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President Pakistan Peoples Party (Sherpao) Aftab Ahmed Khan Sherpao. — Photo by APP/File

The PPP prides itself on being a party that makes or breaks leaders. Those who leave the PPP, it maintains, meet political death.

But if there is one leader who has proved this wrong, it is the 69-year-old Aftab Ahmad Khan Sherpao from Sherpao in Charsadda district. He’s a formidable leader who has been contesting and winning elections from his native NA-8 constituency since 1977, until 1999 from a PPP platform. He became chief minister of the then NWFP in 1988, and in 1994 manoeuvred a no-confidence motion against the PML’s Sahibzada Pir Sabir Shah to become chief minister again.

He developed differences with Benazir Bhutto after the PPP’s humiliating defeat in the 1997 elections. She suspected that he had been in league with the then president Farooq Ahmed Leghari over the dismissal of her government, a charge Mr Sherpao rejects by arguing that Mr Leghari dismissed his government too. The real reason Ms Bhutto was miffed, he says, was his demand for intra-party elections.

Mr Sherpao formed his own faction of the party, the Pakistan People’s Party-Sherpao (PPP-S) and had varying degrees of success, relying mostly on candidates over whom he had personal influence to maintain a reasonable presence in the provincial assembly.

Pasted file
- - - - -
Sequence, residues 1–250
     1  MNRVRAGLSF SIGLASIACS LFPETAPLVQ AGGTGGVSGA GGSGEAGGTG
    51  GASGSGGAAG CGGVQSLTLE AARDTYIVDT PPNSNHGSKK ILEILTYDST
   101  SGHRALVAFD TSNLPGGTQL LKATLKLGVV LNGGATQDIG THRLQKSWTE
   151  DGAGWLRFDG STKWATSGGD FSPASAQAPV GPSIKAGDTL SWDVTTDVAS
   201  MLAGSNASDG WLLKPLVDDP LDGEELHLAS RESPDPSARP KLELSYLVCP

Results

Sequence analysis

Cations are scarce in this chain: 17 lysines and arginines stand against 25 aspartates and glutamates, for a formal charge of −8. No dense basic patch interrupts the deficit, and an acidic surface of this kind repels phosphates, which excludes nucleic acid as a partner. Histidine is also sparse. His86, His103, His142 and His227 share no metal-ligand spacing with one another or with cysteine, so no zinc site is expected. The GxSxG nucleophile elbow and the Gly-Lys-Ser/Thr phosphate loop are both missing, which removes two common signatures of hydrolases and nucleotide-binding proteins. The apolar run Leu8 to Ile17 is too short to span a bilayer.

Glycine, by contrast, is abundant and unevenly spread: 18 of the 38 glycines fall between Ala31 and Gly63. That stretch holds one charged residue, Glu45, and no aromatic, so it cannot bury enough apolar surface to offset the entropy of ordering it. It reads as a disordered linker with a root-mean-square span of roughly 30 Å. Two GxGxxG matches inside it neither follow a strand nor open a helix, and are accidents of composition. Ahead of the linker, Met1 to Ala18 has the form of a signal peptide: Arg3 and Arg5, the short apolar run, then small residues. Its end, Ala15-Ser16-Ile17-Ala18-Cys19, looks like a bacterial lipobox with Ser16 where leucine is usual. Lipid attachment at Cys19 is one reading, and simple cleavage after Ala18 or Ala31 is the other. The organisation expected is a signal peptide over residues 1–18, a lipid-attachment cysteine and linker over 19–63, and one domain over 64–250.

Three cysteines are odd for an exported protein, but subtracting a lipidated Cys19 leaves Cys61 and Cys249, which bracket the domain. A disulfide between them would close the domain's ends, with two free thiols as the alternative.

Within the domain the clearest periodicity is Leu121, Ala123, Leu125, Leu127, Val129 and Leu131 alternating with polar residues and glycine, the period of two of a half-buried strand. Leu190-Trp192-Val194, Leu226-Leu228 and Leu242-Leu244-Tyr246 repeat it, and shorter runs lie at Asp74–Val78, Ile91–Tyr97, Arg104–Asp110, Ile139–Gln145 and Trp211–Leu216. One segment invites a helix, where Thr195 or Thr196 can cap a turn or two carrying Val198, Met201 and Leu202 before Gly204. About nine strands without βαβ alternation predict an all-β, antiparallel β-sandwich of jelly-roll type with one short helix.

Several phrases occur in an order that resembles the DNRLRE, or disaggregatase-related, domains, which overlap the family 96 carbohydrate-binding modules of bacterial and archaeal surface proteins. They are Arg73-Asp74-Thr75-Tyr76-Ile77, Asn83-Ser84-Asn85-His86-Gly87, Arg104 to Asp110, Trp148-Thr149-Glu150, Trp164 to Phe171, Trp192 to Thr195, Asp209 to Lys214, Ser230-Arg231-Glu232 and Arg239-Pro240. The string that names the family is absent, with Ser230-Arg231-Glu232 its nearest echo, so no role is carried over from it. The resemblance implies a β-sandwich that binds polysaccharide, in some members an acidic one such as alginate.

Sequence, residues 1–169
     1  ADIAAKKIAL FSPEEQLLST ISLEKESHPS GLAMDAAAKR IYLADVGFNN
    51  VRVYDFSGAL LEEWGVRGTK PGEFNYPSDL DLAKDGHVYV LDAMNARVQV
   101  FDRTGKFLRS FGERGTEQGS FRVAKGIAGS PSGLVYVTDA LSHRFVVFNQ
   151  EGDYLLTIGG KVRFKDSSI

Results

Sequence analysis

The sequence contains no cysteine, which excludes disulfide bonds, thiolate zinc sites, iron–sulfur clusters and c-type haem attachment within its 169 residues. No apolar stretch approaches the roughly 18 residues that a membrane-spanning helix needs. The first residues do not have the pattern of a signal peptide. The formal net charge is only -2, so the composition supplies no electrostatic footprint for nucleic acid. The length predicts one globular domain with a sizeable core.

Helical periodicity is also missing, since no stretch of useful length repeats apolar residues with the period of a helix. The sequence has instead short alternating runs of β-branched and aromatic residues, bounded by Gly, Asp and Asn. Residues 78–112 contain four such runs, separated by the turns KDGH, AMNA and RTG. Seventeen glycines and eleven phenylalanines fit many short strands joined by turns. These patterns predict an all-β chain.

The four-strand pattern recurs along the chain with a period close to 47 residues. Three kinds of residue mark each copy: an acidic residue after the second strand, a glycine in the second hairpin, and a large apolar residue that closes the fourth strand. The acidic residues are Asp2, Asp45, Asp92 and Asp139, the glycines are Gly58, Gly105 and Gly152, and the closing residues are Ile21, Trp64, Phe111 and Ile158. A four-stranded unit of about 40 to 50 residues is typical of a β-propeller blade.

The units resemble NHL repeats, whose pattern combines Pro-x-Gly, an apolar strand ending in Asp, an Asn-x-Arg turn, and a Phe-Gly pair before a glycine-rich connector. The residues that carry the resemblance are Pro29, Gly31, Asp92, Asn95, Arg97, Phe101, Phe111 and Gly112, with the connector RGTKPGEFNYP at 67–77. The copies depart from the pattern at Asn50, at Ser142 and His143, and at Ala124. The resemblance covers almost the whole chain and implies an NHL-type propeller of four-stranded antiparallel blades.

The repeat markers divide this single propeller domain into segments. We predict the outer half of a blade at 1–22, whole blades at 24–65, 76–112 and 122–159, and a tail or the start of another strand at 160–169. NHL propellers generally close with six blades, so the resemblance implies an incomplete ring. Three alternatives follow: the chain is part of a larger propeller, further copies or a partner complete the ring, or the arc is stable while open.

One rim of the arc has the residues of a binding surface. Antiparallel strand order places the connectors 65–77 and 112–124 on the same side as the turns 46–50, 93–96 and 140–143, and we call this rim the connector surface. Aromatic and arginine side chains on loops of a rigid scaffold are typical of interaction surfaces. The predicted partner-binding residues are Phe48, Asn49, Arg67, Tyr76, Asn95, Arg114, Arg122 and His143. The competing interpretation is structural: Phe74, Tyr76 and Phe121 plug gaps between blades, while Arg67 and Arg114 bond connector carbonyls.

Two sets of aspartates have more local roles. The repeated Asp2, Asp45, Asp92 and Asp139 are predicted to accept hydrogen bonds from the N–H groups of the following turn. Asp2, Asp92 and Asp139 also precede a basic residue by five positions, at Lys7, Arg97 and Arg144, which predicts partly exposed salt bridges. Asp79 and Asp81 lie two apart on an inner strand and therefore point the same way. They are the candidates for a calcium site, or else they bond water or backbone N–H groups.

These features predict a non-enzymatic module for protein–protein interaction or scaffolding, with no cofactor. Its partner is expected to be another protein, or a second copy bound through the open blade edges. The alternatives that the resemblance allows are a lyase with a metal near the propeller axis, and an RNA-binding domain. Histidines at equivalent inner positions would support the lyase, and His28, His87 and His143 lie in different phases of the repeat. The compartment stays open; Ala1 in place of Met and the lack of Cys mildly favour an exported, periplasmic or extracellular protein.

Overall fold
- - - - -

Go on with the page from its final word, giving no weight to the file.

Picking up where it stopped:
Retired Gen Pervez Musharraf’s coup in 1999 saw Mr Sherpao going into self-exile after a dramatic escape from the National Accountability Bureau’s dragnet. But just before the 2002 elections, he returned home — and went straight to jail to face a series of corruption charges. This, his detractors allege, was part of a deal he had struck with the military ruler.

He was exonerated and contested elections from NA-8 to become a federal minister, first as minister for water and power and later as interior minister. This stint saw him become embroiled in a legal battle over the charge of complicity in the murder of Baloch leader Sardar Akbar Khan Bugti. The case is ongoing.

Over time, Mr Sherpao veered towards Pakhtun nationalist politics, a direction towards which he had always had leanings. In October last year, he launched the Qaumi Watan Party (QWP) as a challenger to the Awami National Party. Contesting from this new political platform will be a feat of sorts for Mr Sherpao. If he wins, it will be his eighth consecutive win as a member of the provincial as well as the national assemblies. All eyes, thus, are on how the new party fares at the ballot.

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